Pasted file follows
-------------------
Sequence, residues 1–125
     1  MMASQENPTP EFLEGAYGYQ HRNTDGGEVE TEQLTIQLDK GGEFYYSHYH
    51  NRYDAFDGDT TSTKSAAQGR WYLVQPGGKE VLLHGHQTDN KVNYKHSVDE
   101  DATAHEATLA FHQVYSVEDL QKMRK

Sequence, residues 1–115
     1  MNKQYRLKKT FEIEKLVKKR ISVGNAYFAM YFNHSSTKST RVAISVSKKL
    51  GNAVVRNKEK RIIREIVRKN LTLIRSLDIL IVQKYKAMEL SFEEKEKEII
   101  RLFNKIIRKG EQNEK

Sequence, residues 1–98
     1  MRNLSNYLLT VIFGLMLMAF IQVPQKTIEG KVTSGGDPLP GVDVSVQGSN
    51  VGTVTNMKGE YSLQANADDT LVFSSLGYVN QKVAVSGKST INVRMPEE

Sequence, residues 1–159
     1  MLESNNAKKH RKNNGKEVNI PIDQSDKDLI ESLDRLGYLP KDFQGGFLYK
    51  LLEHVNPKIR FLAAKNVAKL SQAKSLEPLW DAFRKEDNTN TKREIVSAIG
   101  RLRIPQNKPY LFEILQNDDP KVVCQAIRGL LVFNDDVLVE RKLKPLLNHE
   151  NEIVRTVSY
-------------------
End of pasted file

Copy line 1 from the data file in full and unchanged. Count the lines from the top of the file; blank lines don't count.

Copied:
Sequence, residues 1–125